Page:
There are many reasons for literary constipation and recently, I find that my biggest health problem in writing is finding characters that I care about. If you are character-oriented like me, you probably want the same thing as me as well: unique, interesting and multidimensional characters that move the story forward in an organic, masterful way. The process of creating such a character may involve superfluous world-building, extensive one-on-one time with the superstar of your novel, and/or extravagant charting of your character’s whole person on a two-dimensional page. In short, it’s the beginning of a love-hate relationship that brings out the best of us and the worst of us.
For me, at times a story inevitably strays and withers and I find it impossible to continue. Perhaps it is a matter of discipline, but how do you ride a dead horse through the finish line? Even if you manage to push, drag its lifeless corpse across, it will still be dead. It is such a painful process to force yourself to write simply for the sake of writing and finishing a project–but really, who wants to give up on every project they’ve started? That naturally says something about you, just like every bottle you don’t happen to recycle. But it’s so hopelessly mechanistic and tedious and draining that I nearly always end up hating what I love to do: which is writing.
Fortunately, I have discovered a way to resolve this conundrum. I discovered that you simply have to find characters you care about. For my last project, I created a love-interest for my protagonist to serve as a contrast and semi-foil to his personality–but ultimately I realized that I had to kill her because she wasn’t a character–she was merely a fictional tool. (I’m sorry, Juna. You were bad-ass and I respected you deeply. But you had to go.)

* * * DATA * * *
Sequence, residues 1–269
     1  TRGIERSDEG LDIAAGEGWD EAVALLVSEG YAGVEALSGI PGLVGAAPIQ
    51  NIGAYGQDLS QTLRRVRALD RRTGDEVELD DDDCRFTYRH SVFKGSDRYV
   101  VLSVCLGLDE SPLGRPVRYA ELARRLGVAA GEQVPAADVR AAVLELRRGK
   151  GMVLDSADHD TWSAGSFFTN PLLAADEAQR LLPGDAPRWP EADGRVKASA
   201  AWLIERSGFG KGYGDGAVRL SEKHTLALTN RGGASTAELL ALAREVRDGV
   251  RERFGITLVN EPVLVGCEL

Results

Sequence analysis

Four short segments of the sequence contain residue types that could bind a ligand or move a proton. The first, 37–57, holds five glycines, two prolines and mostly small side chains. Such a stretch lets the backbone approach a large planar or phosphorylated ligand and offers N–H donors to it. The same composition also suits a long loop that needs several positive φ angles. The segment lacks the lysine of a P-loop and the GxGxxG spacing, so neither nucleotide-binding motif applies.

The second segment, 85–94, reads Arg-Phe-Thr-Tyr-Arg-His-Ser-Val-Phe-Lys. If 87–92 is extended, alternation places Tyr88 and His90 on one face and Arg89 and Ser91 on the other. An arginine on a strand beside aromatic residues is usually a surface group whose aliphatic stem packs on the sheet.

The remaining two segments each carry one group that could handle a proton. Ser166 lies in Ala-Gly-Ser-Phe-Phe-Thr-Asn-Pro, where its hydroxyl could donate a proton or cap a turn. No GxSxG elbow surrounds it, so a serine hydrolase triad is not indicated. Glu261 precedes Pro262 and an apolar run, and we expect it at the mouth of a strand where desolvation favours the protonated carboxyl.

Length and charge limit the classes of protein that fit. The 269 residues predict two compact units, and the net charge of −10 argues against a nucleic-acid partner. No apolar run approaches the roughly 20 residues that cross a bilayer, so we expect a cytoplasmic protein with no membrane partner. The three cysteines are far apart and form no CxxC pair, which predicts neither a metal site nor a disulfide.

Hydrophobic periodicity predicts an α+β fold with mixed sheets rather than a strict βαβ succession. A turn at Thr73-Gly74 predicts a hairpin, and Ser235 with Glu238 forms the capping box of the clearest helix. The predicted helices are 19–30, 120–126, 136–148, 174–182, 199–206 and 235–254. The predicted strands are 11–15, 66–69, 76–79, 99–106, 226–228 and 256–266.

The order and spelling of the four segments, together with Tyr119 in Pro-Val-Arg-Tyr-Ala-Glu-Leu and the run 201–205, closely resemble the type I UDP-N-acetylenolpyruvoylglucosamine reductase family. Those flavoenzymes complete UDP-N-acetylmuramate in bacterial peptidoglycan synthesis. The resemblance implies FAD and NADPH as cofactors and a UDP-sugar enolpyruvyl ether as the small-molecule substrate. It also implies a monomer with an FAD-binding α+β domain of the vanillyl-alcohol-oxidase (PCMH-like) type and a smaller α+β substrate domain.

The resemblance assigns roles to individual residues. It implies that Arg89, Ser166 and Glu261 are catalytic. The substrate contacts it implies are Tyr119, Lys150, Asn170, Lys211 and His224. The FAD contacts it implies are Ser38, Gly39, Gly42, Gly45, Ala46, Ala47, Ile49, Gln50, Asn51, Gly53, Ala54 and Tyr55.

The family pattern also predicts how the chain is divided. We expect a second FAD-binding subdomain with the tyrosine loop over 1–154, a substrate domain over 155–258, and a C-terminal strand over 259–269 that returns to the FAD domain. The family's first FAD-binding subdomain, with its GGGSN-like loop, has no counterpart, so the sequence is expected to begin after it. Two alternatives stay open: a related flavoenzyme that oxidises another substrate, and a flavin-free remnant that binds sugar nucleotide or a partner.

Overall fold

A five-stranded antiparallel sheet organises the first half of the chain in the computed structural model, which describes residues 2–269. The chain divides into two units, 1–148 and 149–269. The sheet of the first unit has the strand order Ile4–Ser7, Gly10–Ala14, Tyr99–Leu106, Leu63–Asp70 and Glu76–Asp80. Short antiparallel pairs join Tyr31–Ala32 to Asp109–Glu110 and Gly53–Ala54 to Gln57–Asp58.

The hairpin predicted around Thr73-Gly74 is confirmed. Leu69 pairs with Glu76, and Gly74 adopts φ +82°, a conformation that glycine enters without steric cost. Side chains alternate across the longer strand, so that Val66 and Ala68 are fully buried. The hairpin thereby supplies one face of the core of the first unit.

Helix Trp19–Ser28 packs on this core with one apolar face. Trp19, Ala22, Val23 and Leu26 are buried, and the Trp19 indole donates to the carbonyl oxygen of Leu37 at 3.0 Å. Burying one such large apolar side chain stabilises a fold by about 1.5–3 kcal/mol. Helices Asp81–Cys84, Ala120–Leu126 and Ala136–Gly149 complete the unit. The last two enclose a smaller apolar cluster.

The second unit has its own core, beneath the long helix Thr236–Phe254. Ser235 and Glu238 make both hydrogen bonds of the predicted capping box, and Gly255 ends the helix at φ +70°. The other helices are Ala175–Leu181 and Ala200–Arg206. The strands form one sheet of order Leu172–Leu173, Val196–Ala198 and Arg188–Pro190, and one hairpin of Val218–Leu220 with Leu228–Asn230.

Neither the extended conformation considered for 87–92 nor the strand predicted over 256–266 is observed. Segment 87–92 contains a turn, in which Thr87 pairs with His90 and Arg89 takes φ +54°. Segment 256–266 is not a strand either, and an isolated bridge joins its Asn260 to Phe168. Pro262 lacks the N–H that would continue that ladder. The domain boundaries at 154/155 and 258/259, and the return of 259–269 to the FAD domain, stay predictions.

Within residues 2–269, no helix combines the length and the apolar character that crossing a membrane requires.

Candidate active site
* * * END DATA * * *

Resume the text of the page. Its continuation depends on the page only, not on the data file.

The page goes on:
What did I mean by finding characters you care about? I started thinking long and hard about that…and then I found my answer in the current short story I am working on. I didn’t find my characters this time…nor did I create them. They found me.
If you’re new to this writer’s mysticism, it simply means that the characters have emerged from a deeply intuitively level, and that they are aspects of your self, or aspects of what you love, what you hate, what you idealize, what you condemn. They are aspects of you that you have always been familiar with, or perhaps have never known. They are a natural occurrence, and their existence is not forced, nor is it deliberately crafted–they just are. They have always been there, and all you had to do was to discover them and become aware of them. You touch their spirit and invite them into your fictional universe, giving them a physical body so they can do their thing, so that they can shape their own world.
That’s how I found my story this time around. I didn’t do any planning–no worldbuildling, no character sketches, and no plot points. It amazed me that the story just poured out of me as I allowed my characters to do their thing. They felt what they felt and they did what they needed to do. They introduced me to their family members, their abilities and their quirks. They introduced me to their world, and I simply put them into words.
This time around…the story just sort of happened. I had had a few experiences like that but never as powerful as this one. I had never felt so attached to my characters before–and all I could think about all day was what was going to happen to them–what was going to happen next. It’s like they’re alive–and they’re talking to me.
And ultimately, I realized that how much alike we are–and that they are my creation and also a reflection of my existence.